DC hospital settles over water crisis

Washington, D.C.-based St. Elizabeths Hospital settled a federal class-action lawsuit over the hospital's mishandling of its October 2019 water crisis and 2020 COVID-19 procedures, DCist reported Feb. 14.

St. Elizabeths shut off its water after the Sept. 26 discovery of Legionella and pseudomonas bacteria in its water system. After two rounds of chlorination, officials deemed the water system free of bacteria and safe to use on Oct. 23. The hospital continued to admit patients even as existing patients and staff members were forced to use portable showers and cook with bottled water, according to the report. A class-action lawsuit was filed the same day the water was deemed safe.

The lawsuit was amended in April 2020 after more than 187 patients contracted COVID-19 and 14 patients died. Advocacy program Disability Rights D.C. said that in the first year of the pandemic, more than half of the patients contracted COVID-19, and 17 patients and one staff member died, according to the report.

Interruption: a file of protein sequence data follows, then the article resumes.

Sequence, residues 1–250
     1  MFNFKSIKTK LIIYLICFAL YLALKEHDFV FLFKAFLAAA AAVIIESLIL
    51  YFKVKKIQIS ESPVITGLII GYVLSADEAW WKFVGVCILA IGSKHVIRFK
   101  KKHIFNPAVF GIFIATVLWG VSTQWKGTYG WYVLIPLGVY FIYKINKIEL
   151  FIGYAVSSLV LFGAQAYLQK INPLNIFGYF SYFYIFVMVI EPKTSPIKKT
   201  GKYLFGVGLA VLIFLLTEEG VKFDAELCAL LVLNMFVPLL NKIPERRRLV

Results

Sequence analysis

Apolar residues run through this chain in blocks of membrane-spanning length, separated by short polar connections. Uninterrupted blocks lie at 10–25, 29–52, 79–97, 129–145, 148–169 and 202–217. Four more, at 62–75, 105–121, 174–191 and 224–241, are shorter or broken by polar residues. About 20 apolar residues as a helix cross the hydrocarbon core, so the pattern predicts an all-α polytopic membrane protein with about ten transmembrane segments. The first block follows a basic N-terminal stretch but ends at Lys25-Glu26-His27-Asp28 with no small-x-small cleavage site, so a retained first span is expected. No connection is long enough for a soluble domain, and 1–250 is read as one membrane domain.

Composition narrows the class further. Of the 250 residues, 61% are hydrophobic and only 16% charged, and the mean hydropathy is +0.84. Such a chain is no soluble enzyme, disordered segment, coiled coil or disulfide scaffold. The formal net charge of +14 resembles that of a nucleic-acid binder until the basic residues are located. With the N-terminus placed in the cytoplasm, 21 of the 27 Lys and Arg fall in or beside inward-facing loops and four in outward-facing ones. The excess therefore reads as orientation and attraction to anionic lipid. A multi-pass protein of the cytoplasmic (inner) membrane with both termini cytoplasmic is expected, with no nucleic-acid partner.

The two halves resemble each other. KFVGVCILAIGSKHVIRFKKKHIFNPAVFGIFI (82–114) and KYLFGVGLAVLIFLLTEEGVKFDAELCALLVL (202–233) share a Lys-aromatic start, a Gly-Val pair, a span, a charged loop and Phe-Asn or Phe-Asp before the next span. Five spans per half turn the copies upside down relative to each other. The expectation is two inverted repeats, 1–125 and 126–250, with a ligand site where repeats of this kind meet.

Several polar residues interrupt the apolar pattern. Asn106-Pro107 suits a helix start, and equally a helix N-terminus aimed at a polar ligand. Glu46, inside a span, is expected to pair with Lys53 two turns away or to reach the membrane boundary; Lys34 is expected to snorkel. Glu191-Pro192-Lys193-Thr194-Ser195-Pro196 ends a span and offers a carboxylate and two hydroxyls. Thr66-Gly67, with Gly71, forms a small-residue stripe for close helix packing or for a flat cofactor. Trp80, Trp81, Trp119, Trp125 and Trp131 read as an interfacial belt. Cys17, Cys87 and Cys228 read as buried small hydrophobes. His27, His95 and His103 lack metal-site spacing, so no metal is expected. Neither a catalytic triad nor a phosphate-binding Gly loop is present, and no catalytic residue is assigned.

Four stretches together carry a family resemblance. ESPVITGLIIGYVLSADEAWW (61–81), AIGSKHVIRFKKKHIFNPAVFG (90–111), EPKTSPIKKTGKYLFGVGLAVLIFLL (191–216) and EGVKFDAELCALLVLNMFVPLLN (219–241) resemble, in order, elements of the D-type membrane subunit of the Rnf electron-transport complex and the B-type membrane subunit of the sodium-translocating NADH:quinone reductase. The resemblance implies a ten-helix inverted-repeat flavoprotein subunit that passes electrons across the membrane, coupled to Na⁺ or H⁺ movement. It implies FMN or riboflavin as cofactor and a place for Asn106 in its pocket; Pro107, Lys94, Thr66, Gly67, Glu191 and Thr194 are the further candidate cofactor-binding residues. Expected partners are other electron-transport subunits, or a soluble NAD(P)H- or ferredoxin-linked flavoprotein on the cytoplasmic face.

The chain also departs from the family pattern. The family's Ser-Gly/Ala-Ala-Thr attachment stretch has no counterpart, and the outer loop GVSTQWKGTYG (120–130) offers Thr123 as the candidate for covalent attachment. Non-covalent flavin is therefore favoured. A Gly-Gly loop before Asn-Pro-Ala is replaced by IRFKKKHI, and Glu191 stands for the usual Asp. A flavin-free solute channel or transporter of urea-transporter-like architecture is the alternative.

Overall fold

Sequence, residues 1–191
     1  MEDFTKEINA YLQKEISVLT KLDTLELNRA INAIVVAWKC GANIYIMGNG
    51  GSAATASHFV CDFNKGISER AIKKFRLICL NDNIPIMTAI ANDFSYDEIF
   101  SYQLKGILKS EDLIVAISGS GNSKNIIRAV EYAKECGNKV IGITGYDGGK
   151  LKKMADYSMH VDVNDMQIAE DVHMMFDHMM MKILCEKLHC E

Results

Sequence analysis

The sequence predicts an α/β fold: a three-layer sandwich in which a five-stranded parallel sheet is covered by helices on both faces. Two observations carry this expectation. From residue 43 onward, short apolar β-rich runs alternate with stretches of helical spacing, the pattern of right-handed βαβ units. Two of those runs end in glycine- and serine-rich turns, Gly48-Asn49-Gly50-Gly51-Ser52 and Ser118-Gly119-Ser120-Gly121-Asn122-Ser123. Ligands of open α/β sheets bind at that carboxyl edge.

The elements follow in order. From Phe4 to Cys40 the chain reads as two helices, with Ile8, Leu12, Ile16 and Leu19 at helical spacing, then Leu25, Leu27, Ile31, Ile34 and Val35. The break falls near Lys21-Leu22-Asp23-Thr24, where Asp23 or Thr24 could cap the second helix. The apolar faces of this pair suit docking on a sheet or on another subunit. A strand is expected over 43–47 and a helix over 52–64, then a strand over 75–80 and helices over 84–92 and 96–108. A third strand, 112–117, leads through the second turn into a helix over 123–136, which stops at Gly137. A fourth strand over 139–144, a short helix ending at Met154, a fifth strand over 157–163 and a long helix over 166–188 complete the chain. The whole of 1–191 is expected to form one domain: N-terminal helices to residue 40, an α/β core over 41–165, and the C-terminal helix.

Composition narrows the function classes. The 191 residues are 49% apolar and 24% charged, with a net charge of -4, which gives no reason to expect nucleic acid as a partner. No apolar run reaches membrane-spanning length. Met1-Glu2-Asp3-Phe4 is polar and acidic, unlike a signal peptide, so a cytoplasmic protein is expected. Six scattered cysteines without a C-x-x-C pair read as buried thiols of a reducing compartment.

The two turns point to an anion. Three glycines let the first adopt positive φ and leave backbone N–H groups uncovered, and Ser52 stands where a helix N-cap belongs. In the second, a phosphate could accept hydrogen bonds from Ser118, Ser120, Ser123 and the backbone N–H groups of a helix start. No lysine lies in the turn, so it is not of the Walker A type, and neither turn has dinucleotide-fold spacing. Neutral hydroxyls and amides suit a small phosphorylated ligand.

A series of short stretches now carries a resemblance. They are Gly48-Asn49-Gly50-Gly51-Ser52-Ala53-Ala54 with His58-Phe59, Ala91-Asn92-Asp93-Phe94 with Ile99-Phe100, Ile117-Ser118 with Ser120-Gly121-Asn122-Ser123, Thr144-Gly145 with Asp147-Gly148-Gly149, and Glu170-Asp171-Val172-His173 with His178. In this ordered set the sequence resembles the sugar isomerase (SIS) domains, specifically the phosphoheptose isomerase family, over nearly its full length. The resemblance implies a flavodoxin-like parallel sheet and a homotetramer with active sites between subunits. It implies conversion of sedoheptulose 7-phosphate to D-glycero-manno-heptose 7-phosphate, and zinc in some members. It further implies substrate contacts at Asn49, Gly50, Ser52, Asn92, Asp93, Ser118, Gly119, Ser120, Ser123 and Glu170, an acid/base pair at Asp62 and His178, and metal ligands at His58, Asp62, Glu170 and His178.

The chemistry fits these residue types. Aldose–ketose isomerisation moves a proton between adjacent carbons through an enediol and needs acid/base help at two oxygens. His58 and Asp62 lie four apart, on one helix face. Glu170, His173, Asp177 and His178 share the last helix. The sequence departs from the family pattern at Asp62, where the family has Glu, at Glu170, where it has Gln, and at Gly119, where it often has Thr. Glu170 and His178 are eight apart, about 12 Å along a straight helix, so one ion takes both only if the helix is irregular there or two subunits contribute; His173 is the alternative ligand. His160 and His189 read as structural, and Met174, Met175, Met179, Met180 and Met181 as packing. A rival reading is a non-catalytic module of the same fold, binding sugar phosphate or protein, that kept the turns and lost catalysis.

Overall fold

The settlement requires the Washington, D.C.-run psychiatric hospital to update its emergency procedures; provide specific documentation to show the water contamination issue has been solved; maintain personal protective equipment for patients and staff; transfer patients if necessary and ensure their care is not cut off at those facilities; and keep patients, families and the public informed about future emergencies.

 

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